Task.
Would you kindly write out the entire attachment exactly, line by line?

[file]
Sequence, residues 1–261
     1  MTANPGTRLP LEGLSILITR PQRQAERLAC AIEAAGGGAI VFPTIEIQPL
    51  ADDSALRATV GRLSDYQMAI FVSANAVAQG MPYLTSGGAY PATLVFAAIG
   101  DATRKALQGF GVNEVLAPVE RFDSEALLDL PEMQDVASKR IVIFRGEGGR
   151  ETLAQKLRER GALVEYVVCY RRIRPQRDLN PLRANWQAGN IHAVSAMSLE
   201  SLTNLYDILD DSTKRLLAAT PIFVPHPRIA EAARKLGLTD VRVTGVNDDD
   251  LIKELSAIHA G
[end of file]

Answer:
Sequence, residues 1–261
     1  MTANPGTRLP LEGLSILITR PQRQAERLAC AIEAAGGGAI VFPTIEIQPL
    51  ADDSALRATV GRLSDYQMAI FVSANAVAQG MPYLTSGGAY PATLVFAAIG
   101  DATRKALQGF GVNEVLAPVE RFDSEALLDL PEMQDVASKR IVIFRGEGGR
   151  ETLAQKLRER GALVEYVVCY RRIRPQRDLN PLRANWQAGN IHAVSAMSLE
   201  SLTNLYDILD DSTKRLLAAT PIFVPHPRIA EAARKLGLTD VRVTGVNDDD
   251  LIKELSAIHA G